Picatext is an unique application. It does something so unique that it’s hard to evaluate it, but that won’t stop me.
Picatext does one thing: It extracts text from screenshots.
There are two input methods in Picatext, the built in rectangular screenshot tool and file upload. Both work extremely fast for small images. Activate the Picatext menubar item and choose the appropriate method.
Picatext works better than I expected. It works better than I imagined possible. The extraction of text from small screenshots is done in under a second. For example, this was a screenshot of some of my installed Python modules.
This is the Picatext output:
In case you missed that, that is a translation from a screenshot of non-dictionary words in white text on a black background.
The results are added to the text editor window in Picatext and are also added to the OS pasteboard. Unfortunately, Picatext does not maintain a history of the extracted text, so it’s up to you to use a clipboard manager to get back previous results.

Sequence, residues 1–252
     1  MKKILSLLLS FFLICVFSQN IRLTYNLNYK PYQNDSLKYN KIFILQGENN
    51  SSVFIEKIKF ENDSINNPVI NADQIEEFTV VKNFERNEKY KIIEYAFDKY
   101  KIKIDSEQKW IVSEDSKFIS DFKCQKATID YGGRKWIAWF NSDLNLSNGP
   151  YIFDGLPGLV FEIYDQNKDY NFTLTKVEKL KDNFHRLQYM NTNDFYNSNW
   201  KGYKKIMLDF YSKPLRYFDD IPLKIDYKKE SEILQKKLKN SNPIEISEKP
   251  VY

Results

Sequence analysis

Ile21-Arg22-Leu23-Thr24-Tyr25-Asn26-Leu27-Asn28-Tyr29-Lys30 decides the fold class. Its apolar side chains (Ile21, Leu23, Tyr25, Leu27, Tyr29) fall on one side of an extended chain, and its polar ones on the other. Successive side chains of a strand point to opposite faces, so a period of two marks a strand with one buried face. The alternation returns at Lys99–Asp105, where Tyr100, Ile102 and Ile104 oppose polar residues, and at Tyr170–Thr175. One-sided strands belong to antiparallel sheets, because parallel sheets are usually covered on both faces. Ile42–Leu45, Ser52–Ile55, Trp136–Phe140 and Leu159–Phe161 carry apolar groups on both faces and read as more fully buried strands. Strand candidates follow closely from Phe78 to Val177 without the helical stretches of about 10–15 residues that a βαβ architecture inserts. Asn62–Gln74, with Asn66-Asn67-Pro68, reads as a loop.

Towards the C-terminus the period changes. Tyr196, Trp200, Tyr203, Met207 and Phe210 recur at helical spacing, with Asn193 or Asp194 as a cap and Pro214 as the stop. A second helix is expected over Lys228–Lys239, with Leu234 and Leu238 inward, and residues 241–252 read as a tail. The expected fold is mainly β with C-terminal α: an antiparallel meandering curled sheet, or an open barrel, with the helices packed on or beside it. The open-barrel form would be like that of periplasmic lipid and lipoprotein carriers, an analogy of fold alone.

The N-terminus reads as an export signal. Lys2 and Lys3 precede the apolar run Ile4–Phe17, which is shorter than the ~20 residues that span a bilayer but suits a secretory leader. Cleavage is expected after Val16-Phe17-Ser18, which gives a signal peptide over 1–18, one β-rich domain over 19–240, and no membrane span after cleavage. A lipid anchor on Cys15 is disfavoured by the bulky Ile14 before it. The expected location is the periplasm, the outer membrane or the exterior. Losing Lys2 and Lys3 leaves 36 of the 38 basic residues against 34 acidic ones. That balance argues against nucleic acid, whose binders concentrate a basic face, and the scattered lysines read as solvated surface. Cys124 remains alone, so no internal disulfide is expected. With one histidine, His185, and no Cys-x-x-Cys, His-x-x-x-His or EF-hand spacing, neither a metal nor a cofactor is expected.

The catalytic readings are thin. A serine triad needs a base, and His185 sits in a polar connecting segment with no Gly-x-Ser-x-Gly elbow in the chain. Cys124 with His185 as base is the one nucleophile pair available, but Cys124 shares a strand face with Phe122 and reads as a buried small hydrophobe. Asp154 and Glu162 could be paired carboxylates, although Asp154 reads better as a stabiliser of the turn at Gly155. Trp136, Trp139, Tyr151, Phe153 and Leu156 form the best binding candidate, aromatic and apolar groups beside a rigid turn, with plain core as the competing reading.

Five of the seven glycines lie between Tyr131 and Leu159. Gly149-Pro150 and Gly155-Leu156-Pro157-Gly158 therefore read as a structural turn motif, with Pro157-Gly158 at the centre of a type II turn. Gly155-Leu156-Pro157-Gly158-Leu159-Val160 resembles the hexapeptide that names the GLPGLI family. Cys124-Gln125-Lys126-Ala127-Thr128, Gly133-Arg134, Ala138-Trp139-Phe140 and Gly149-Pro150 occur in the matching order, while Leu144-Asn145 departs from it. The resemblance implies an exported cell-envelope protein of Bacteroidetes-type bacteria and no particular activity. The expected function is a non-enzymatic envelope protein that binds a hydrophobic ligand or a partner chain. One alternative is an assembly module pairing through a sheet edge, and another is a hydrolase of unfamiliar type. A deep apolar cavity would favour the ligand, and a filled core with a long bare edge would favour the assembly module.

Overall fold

Here’s another surprising use case. Select and OCR a Finder window to quickly get a plain text extraction of the file names and modification dates.
Pixatext isn’t magic. Grossly artistic fonts and some product logos resulted in meaningless text. It also extracts columnar type data sequentially. For example, I attempted to convert a scan of my gas bill into tab or comma separated values for a spreadsheet. Instead Here’s what I got:
It’s still surprisingly good (and fast). Larger blocks of text take several seconds to convert and very complex images with unusual fonts can take over 20 seconds. This isn’t a high-throughput tool but it’s a great app for a cheap price.
Picatext | Mac App Store | $4